At a meeting of religious studies teachers there was reflection on changes in the level of Biblical literacy among students coming from primary school. It is hard to imagine they would have met the expectations of Miss Rabbage.
Miss Rabbage would have handed out Bibles that were blue-grey in colour; inside the hardback covers was a diagrammatic history of the Bible in English. It would be more than a decade later, while studying theology, that I would discover that these were copies of the Revised Standard Version of the Bible, a version respected by academics and biblical scholars. In retrospect, it seemed reasonable that this should be the version that we should have read in the junior class at our primary school; there were not many other versions around and Miss Rabbage, our teacher, would have sought the best.
Miss Rabbage taught us about the Acts of the Apostles, including Saint Paul’s travels through Italy to reach Rome. His journey includes a stop at the Three Taverns; his journey was recorded on a map in the Bibles from which we would read with Miss Rabbage. “The Three Taverns” had a reassuring tone to the ears of a small boy at a tiny country primary school in the West of England. “The Three Taverns” conjured up pictures of flat-cap wearing, ruddy faced farmers in old tweed jackets and corduroy trousers in the town on market day. It had about it a sense of the safe and secure.
Did Miss Rabbage not explain that Paul’s journey to Rome would lead to his death? I am sure she did. Perhaps it is part of the genius of childhood to see time as a series of discrete moments rather than as a continuous process. Memories come back as individual, self-contained entities; often without any narrative to link them together.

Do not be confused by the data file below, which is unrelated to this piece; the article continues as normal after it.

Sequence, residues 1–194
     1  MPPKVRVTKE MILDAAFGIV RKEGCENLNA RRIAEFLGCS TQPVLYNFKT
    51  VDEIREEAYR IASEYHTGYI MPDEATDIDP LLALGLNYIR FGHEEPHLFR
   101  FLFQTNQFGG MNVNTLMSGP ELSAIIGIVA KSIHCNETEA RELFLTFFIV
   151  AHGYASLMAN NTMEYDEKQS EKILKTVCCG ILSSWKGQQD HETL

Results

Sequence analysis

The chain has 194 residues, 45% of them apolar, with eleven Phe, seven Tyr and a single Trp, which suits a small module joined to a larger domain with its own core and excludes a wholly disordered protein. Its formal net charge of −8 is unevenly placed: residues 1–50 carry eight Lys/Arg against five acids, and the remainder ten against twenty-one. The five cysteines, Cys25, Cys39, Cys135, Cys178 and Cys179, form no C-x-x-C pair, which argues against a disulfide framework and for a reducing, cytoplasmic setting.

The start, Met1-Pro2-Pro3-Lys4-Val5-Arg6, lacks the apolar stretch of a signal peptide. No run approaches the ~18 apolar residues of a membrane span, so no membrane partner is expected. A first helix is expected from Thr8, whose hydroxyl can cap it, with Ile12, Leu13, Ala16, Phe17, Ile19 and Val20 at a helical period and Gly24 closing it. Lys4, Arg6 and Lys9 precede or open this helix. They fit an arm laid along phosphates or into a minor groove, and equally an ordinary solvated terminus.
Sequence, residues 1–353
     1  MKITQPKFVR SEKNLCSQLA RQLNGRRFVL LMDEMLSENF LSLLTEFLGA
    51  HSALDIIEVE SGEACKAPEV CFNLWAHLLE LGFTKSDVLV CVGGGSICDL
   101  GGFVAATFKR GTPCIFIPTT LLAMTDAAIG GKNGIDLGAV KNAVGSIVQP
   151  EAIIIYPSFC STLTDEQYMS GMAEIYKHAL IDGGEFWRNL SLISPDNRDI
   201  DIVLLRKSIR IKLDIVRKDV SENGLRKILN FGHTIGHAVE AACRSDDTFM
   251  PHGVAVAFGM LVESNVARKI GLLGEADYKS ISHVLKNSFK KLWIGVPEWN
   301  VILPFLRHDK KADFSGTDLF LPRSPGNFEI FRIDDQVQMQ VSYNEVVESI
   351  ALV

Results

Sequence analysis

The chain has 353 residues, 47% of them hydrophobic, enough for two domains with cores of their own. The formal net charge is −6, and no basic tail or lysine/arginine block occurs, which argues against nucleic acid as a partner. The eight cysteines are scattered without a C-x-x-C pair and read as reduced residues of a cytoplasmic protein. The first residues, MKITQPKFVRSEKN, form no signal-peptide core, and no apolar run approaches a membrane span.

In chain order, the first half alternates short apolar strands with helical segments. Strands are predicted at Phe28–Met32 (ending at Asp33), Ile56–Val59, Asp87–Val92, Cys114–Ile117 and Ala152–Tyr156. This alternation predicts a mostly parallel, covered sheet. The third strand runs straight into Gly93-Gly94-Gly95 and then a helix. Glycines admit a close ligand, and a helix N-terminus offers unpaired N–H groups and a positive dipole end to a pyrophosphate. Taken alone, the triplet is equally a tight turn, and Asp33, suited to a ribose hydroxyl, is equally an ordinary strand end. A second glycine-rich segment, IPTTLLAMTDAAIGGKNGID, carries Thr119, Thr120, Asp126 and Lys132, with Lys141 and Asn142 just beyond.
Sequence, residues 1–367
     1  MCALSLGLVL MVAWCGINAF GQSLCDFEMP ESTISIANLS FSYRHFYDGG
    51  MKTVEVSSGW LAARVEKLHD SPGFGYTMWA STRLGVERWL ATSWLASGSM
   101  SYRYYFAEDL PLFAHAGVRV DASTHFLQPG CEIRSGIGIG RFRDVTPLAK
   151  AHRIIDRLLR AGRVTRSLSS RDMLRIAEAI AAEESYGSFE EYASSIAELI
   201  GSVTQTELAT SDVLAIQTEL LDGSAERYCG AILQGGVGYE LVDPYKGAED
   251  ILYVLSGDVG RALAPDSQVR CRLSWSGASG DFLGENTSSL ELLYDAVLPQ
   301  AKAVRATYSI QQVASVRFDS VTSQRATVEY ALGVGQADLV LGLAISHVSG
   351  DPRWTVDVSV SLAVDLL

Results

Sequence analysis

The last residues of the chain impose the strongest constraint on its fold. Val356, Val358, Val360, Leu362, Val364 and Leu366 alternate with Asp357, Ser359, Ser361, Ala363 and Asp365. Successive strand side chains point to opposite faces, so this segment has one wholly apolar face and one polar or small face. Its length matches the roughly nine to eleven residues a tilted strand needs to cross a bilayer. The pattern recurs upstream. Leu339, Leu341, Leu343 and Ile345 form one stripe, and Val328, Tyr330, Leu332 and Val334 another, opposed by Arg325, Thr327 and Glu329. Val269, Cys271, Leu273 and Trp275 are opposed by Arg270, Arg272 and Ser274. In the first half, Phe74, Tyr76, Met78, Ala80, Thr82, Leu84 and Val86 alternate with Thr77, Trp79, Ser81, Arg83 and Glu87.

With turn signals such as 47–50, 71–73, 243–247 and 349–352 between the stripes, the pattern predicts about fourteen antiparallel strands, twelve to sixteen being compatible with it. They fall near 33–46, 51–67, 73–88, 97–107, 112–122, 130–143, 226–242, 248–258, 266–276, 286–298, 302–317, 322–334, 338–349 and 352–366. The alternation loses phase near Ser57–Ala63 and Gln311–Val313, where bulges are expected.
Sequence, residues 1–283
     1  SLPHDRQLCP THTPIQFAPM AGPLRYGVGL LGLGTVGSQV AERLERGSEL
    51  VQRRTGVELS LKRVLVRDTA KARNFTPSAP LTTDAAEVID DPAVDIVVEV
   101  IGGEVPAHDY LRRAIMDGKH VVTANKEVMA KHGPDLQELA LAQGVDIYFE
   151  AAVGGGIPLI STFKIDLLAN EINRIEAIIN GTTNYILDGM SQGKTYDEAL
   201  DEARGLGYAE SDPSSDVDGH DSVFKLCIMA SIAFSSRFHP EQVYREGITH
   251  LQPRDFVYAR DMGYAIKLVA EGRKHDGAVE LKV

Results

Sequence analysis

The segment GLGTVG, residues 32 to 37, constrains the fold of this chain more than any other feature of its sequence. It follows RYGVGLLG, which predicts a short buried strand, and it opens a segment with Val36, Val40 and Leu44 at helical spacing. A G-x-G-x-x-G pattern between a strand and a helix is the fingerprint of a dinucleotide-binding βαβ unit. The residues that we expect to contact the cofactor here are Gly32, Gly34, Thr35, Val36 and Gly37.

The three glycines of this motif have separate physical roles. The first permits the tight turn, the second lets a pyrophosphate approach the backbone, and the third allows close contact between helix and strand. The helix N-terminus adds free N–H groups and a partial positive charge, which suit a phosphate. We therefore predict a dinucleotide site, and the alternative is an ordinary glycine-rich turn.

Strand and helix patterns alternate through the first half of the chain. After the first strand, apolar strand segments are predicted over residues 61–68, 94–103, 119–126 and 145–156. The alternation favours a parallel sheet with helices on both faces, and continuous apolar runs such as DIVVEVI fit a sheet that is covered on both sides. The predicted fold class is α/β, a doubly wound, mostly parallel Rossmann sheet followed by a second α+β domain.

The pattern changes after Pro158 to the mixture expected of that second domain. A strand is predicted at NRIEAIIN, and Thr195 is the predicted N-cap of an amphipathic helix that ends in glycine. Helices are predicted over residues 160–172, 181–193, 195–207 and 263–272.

Think about memories of summer holidays in younger years: the pictures are often vivid. How many memories do people have of the spring that preceded those summer experiences, or of the autumn that followed them?
Perhaps one of the reasons that children often have little or no sense of death is that time is the experience of the here and now, there is no sense of time as a process leading to an inexorable end. Tom Stoppard’s character Rosencrantz asks:
Whatever became of the moment when one first knew about death? There must have been one, a moment, in childhood when it first occurred to you that you don’t go on for ever. It must have been shattering – stamped into one’s memory. And yet I can’t remember it. It never occurred to me at all. What does one make of that? We must be born with an intuition of mortality. Before we know the words for it, before we know that there are words, out we come, bloodied and squalling with the knowledge that for all the compasses in the world, there’s only one direction, and time is its only measure.
Is he right? Is there an intuitive knowledge of death? If so, why do The Three Taverns have an enduring happy place in my memories and the ensuing death of Paul have no place at all?